Two male law partners fall in love and leave their wives, women now bereft and enraged—all of which makes for stellar comedy
By DOROTHY RABINOWITZ
April 30, 2015 5:30 p.m. ET
Refreshing isn’t the likeliest word to come to mind as regards “Grace and Frankie,” there being no dearth of gay-themed entertainment on the TV these days. Still, this buoyant Netflix series about two male law partners who fall in love with one another and leave their wives turns out to be just that—refreshing, but also a good deal more. In this steadily acerbic if also predictably warmhearted tale (created by Marta Kauffman and Howard J. Morris), there’s a good bit of probing, though not, mainly, of the flashily up-to-date subject of those gay husbands, Sol (Sam Waterston) and Robert (Martin Sheen) about whom the writers don’t seem to know or say very much—much that’s credible, anyway.
Things are different when it comes to Grace (Jane Fonda) and Frankie (Lily Tomlin), the wives they’ve left behind and about whom we learn a great deal, very soon. The series never for a moment lets you forget this is comedy. It’s nonetheless clear, as the action progresses, that the show has its mind on matters other than husbands coming out—matters like women suddenly alone, women no longer young, marriage itself—large subjects it pursues with a keen instinct for the hilarious and no stops for right-minded messages. To the contrary. Frankie—a ’60s-era leftover permanently devoted to pot, peyote and good works, like her personal art school for ex-convicts—is the perfect face of fevered environmentalism. In a rush to leave the house for an important gathering, she stops, paralyzed by the sight in her kitchen, of empty bottles with their caps still on. It takes very little time, she warns Grace, before “ecological entitlement becomes environmental rape.”
The two are going to pay respects to the widow of a just deceased old friend, an event attended by many people they know, including their husbands, coming as a couple—reason enough for Grace, miserable at the loss of married life, to expect humiliation. Which comes in all degrees. First she sees Sol—the lover for whom her husband, Robert had left her—sporting a necktie she’d bought that very husband for a Father’s Day gift. People who know the wives’ situation stare and whisper. Grace wants to flee. Frankie, no less miserable than Grace, is triumphantly rude. “Excuse me, I have to count the bulbs in that chandelier,” she snaps when an inquisitive guest tries to engage her in conversation.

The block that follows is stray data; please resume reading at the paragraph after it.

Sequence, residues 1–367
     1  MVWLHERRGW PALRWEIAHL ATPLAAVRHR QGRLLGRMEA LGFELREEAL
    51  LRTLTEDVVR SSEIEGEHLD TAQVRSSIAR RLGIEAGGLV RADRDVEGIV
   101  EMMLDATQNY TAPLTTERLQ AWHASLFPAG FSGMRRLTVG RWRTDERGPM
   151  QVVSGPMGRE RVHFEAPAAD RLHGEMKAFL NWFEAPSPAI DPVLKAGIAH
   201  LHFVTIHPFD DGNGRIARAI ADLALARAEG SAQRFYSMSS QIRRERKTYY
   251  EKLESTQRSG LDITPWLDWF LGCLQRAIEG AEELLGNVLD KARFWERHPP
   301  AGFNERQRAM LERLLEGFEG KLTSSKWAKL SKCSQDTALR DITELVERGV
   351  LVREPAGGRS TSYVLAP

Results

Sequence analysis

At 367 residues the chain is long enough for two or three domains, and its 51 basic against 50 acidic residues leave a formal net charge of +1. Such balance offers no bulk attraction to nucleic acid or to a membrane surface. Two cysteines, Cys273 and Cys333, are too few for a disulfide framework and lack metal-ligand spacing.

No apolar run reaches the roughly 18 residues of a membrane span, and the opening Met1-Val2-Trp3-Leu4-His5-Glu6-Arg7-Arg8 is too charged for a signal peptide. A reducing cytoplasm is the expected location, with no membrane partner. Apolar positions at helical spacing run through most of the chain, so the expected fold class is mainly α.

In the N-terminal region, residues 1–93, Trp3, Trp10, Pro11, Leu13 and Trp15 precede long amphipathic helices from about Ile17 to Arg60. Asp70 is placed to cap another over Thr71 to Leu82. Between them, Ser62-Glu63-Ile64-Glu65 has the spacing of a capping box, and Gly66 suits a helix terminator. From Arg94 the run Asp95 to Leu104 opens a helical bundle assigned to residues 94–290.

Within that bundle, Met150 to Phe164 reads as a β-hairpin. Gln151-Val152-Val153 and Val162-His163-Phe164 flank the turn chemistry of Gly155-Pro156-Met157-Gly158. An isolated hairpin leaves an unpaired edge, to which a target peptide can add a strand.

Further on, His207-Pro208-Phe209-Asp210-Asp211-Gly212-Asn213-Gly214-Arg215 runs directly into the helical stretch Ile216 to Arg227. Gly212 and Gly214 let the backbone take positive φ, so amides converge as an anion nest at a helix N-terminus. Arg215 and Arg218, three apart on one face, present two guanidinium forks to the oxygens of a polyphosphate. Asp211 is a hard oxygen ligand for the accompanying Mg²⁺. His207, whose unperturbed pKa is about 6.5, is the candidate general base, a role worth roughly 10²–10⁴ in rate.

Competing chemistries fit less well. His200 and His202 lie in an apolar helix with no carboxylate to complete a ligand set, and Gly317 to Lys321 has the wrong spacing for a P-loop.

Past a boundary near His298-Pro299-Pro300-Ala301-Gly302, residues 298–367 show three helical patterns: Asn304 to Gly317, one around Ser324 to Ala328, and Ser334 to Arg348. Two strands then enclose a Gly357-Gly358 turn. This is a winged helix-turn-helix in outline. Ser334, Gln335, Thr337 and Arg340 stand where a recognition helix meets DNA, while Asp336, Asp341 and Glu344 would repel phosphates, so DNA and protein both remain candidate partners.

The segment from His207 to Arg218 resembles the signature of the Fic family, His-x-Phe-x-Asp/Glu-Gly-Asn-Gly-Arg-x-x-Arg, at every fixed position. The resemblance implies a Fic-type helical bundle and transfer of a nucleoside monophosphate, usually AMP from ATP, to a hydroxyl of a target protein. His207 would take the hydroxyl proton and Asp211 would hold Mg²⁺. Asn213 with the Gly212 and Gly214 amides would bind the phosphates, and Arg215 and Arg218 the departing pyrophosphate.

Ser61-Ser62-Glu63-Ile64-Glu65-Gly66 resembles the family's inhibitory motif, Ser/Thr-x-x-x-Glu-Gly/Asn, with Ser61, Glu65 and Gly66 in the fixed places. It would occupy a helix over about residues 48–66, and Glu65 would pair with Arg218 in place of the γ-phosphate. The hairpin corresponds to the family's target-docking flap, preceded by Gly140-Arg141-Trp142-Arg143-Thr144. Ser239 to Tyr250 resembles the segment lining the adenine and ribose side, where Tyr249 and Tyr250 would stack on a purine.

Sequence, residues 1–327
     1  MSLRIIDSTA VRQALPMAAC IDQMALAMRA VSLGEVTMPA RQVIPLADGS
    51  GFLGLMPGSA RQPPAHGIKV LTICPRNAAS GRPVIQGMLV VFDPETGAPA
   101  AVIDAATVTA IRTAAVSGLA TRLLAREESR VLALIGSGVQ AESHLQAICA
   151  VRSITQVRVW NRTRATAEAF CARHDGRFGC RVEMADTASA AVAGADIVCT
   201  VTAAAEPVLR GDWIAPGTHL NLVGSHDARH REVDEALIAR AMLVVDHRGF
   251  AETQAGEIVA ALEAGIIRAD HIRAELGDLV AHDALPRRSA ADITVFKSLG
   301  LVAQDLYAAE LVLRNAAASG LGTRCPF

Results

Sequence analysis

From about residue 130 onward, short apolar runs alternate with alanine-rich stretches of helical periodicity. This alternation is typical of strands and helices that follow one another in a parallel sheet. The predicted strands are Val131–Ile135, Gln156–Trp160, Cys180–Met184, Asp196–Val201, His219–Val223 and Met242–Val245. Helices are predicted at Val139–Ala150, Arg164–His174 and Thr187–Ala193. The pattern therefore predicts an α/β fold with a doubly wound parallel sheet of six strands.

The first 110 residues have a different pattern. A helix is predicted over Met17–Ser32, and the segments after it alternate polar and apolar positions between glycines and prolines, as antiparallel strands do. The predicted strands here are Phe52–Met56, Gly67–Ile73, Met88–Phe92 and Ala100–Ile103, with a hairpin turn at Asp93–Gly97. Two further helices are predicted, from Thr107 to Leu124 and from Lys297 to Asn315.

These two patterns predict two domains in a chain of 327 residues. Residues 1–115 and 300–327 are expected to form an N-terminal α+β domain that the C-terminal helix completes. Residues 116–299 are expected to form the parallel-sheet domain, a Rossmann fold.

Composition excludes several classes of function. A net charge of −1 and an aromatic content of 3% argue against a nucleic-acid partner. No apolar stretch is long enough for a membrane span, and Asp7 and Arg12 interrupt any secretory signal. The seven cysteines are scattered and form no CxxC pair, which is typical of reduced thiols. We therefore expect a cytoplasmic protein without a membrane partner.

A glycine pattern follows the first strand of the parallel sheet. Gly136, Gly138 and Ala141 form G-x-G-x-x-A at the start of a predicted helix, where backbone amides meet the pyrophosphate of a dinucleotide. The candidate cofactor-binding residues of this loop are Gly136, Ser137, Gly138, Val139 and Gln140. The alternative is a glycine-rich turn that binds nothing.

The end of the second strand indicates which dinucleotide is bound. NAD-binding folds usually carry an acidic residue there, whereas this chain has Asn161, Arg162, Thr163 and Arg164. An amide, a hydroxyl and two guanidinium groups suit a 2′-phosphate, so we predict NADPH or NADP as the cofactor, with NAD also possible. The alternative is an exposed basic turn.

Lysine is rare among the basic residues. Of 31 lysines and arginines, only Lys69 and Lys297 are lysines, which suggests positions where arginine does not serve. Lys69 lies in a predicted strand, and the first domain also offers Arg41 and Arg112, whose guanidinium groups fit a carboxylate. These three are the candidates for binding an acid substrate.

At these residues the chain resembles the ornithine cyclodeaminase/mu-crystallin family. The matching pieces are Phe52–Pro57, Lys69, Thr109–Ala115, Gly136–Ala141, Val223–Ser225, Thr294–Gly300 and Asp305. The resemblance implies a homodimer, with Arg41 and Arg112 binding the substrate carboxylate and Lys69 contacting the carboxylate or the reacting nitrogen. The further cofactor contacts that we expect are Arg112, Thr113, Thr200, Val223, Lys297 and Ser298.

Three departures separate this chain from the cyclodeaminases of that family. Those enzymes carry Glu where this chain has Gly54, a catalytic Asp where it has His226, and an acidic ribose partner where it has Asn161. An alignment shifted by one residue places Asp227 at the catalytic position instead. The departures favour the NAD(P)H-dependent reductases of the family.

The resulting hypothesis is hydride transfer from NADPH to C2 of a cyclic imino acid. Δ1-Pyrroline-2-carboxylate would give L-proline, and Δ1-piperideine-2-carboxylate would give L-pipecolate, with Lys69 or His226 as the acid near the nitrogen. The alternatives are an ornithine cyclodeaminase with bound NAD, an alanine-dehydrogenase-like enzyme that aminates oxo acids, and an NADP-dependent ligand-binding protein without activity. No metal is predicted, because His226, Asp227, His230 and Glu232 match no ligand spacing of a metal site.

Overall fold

The husbands themselves are having no easy time. Mr. Sheen’s Robert, an authoritative sort and the more restrained of the two, isn’t pleased when the effusive Sol—a riotous Sam Waterston—happily informs a group of dumbfounded guests that the two of them are law partners and also homosexual partners.
It’s around this time, too, that complex feelings about the wife’s he’s left behind intrude on Robert—among them the recognition that he hasn’t altogether put her out of his mind. Looking at her at the gathering, he recalls, dreamily, how it could make a man feel to walk into a room with a woman like that. But Grace, sleekly beautiful at age 70, is now walking into rooms with Frankie, her partner in sorrow and rage, with whom she’s forced to share a house, a circumstance both of them loathe.
As the title tells, they’re the story here—two women who cordially detest everything about one another’s habits, views, values, working their way toward an alliance. Grace, who once ran a beauty products company and who would rather die of pain wearing killer heels than spoil the look of an outfit, now lives with someone whose clothes reek of pot, and who fills the house with weird chanting and, occasionally, with those ex-convicts. Frankie, immovable, is full of her own lofty contempt.
Ms.Tomlin and Ms. Fonda make an immensely potent comedy team. Together, and also separately, they’re the source of most of the ebullience, style and assorted other pleasures of “Grace and Frankie,” and those are considerable.